With a gay spirit of adventure I decided to test that assertion of bitterness and sliced one of the open caps (they are so large – small kids use them as parasols hence the name) before frying them in a little butter, I added parsley and a little black pepper just before serving and tried them. They looked fabulous but the text books are accurate and I pulled a muscle in my contorting face trying to get them out of my mouth as soon as possible.
Even if you can identify a specimen, the common names don’t always instil confidence. Take for example, Trombette dei Morti (Trumpets of the dead). This mushroom apes the shape of a black trumpet but its Halloweenesque name actually arose because it grows around the 2nd November, All Souls’ Day. It’s other common name of Truffles of the Poor hints at its widespread use once dried and powdered as a food additive because of its intense aroma.
If you are interested in learning more about mushrooms we can recommend the book Mushrooms by Roger Phillips. It has very helpful with, sometimes life-sized, images of each mushroom together with a useful information panel and notes on edibility.
Hari and Colin Fell at the Tudor Farmhouse have been a little bit busy lately. As well as investing heavily as proprietors in all aspects of their fine hotel and restaurant dream to get it to their own high standards, they also work very hard running the very beautiful and very successful 20 bedroom Clearwell hotel (which – by the way – is ideally situated to explore the best of the Forest of Dean & Wye Valley). Amazing then that they have the energy for regular physical exercise lifting all that silverware at recent awards – Taste of the West Champions “Best South West Restaurant 2015” and Hotel of the Year 2015 from Sawday’s. Impressive!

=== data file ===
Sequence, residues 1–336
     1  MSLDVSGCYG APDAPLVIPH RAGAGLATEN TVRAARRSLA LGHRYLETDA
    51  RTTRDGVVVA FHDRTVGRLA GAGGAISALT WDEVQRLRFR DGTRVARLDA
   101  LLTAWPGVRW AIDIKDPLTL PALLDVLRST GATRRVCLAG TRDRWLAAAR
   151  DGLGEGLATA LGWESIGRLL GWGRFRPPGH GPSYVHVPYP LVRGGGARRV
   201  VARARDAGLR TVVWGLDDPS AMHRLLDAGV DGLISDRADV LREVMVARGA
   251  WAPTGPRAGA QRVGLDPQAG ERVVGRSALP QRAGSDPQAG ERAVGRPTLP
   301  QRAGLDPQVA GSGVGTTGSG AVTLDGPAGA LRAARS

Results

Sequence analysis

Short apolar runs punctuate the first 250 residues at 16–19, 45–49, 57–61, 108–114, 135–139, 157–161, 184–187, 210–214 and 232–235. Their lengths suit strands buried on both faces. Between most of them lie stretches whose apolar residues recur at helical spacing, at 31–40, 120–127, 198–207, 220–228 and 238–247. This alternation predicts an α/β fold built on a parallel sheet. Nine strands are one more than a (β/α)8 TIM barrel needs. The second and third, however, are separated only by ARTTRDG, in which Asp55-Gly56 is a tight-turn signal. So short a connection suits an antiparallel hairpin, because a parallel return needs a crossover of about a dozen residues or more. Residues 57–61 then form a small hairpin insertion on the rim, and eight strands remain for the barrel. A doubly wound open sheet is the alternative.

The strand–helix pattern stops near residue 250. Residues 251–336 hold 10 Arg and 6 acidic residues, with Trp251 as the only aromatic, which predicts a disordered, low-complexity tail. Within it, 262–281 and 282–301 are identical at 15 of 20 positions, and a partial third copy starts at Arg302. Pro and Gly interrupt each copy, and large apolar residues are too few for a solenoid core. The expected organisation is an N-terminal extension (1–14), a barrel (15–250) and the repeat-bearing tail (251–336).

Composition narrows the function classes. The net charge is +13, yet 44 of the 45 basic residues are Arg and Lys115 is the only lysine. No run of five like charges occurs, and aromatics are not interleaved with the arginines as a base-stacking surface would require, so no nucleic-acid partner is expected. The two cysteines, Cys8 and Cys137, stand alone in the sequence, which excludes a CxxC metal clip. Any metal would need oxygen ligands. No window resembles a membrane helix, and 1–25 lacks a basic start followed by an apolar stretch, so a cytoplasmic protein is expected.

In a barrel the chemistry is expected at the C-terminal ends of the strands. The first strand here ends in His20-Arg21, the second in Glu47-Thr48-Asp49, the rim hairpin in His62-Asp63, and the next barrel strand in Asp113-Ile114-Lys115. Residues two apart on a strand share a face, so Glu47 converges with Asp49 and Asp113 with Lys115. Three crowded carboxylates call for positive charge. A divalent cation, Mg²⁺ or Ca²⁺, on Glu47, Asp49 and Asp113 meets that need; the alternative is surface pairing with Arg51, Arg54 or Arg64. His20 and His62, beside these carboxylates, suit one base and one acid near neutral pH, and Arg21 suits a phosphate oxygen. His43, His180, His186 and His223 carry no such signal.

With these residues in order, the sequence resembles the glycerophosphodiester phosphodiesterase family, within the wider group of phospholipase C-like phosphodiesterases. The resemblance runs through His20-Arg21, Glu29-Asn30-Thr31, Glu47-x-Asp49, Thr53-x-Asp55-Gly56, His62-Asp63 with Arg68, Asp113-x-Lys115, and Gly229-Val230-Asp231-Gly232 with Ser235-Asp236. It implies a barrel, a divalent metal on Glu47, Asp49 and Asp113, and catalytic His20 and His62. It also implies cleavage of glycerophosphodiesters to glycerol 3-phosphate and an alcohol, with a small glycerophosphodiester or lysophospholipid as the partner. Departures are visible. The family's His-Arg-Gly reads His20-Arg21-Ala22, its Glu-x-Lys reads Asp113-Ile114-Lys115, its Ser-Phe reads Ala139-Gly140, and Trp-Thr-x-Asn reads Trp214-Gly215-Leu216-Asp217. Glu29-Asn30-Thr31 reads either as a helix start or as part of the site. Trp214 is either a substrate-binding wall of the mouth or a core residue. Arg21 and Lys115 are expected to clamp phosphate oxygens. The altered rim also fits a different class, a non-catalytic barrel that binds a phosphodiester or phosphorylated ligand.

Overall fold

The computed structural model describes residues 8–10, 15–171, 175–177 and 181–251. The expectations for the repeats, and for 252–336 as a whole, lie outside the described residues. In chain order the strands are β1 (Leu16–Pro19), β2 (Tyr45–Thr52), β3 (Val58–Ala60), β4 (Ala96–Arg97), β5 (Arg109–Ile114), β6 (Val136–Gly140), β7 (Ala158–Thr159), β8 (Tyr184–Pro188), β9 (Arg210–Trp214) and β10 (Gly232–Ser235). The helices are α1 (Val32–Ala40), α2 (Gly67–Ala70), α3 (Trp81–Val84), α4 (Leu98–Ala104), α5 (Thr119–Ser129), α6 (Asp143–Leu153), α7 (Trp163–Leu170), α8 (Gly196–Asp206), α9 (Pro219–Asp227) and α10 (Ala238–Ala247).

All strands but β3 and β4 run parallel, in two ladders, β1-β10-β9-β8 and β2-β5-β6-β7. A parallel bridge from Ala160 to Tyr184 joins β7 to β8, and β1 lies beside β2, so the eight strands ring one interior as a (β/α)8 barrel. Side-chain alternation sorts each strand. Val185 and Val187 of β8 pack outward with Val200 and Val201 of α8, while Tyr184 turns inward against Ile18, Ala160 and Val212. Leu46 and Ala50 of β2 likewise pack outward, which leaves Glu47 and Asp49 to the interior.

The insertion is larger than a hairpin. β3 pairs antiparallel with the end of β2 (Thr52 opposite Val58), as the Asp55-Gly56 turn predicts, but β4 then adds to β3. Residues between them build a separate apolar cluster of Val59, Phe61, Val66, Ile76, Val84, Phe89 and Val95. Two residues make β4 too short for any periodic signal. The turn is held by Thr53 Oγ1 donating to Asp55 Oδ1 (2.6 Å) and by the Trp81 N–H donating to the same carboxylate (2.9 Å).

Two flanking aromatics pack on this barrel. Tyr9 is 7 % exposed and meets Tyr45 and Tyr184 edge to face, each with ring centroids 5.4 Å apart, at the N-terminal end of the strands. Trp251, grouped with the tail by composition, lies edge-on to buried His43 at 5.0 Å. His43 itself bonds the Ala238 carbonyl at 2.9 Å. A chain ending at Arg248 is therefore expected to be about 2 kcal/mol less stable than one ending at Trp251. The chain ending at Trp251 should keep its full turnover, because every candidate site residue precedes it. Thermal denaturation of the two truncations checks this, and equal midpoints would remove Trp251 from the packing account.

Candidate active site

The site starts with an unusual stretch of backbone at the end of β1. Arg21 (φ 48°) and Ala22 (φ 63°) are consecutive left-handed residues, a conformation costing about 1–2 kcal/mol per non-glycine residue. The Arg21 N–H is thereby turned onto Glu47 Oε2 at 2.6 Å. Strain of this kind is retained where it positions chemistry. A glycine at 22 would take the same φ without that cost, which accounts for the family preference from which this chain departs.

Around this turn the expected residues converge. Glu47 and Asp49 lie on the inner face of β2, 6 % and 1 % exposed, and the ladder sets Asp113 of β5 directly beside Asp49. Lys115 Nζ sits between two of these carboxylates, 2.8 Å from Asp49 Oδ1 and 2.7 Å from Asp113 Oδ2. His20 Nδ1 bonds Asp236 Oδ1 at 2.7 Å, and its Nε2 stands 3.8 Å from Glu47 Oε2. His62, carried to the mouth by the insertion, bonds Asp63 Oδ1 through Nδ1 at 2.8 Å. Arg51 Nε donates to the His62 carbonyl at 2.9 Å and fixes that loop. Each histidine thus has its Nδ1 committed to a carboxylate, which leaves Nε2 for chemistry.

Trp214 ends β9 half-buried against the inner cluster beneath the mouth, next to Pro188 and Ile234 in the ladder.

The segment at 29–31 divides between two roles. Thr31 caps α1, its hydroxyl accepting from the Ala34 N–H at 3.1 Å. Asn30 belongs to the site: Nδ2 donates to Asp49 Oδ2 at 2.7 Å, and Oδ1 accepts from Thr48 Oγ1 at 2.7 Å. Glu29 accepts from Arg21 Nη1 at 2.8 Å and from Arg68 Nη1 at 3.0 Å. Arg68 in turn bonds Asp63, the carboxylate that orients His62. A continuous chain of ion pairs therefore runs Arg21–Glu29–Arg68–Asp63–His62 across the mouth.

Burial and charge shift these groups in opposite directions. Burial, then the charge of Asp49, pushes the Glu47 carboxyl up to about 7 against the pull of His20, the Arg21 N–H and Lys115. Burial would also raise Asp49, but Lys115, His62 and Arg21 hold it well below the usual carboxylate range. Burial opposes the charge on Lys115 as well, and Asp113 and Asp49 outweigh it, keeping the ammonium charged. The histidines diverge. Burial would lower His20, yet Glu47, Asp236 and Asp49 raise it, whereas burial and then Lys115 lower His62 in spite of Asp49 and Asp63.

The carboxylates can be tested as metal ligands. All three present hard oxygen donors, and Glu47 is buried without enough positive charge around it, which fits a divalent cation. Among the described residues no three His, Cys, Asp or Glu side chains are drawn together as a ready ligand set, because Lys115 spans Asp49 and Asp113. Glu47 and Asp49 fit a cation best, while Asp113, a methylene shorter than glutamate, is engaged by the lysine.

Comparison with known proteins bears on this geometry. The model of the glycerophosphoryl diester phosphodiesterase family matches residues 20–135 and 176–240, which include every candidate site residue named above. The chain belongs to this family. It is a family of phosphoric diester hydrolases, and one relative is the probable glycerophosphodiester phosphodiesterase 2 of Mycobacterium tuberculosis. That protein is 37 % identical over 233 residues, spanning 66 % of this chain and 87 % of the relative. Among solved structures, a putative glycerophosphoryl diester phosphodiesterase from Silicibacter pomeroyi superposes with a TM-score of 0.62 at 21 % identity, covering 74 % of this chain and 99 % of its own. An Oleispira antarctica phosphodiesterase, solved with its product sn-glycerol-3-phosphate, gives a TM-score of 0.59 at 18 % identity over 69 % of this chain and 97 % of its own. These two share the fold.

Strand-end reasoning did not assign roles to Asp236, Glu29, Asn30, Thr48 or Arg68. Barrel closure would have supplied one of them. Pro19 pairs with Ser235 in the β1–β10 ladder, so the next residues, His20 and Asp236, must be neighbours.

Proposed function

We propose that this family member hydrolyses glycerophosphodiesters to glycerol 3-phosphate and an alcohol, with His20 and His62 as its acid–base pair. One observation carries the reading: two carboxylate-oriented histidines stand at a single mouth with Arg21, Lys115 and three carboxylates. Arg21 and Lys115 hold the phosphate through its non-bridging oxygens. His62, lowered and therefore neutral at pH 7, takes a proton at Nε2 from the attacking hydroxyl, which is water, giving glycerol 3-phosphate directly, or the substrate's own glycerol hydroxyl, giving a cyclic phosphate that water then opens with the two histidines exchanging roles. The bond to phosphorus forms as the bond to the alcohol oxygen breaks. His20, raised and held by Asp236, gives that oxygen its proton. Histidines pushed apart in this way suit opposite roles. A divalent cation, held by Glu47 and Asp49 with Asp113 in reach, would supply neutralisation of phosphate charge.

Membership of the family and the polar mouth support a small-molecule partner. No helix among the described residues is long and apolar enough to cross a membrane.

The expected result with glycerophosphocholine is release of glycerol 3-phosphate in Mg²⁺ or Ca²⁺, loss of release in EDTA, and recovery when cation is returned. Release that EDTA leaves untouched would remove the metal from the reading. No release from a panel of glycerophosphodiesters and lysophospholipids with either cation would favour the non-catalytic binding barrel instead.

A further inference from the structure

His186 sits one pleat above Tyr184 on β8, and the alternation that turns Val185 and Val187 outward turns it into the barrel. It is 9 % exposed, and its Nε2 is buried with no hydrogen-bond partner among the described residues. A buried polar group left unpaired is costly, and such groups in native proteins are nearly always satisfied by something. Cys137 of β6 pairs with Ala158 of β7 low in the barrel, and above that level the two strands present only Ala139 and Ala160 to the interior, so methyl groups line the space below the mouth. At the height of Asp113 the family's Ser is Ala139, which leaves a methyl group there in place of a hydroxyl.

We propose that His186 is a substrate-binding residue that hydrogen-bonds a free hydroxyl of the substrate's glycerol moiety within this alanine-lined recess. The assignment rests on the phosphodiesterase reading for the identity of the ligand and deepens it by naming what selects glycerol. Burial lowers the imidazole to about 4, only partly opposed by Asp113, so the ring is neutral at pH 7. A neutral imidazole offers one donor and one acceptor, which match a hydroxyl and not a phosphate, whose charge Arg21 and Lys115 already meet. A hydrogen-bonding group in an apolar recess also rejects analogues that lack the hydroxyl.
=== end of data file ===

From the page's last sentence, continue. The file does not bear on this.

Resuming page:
We caught up with Hari over a very nice midweek lunch. Hari is a very efficient and hard-working co-owner and keeps the place ticking like a clock, but she is also very friendly, charming and attentive and her staff looked after our table of two very well. Lunch – was a real winner and very tasty too.
I saw the smoked Haddock, leek and oyster soup in the list of three starters and to be honest I had already decided on the first course before I read the other two. A very similar thing happened across the table and so – “that’ll be two soups please”. For the second course we ordered one Stone bass, also known as Wreckfish in the UK, with attendant vegetables and one roasted cauliflower steak with pickled shallots and mash.
Smoked Haddock, in my opinion, always has the potential to make for a fabulous soup, if you can get the accompanying balancing ingredients spot on. Think of Cullen Skink a Scottish speciality of smoked Haddock, cream and potatoes a tour de force when done properly (Yorkshireman Brian Turner makes the finest I’ve ever tasted) but if it’s just off perfect, well, you have got trouble.
Head chef Rob Cox has the Tudor Farmhouse haddock, leek and oyster just right. A few nice pieces of haddock to give that great smoky flavour and aroma, with a few diced potatoes and some very fine julienne of fried leek with a golden yellow egg yolk in the bottom of the plate. The soup is well seasoned and served from a small jug at the table. As it pours the creamy light green soup fills the bowl to create an island paradise of the rest of the ingredients. Break the yolk and mix a little in each spoonful to complete the rich creamy and luxurious taste of the whole dish. Very nice indeed.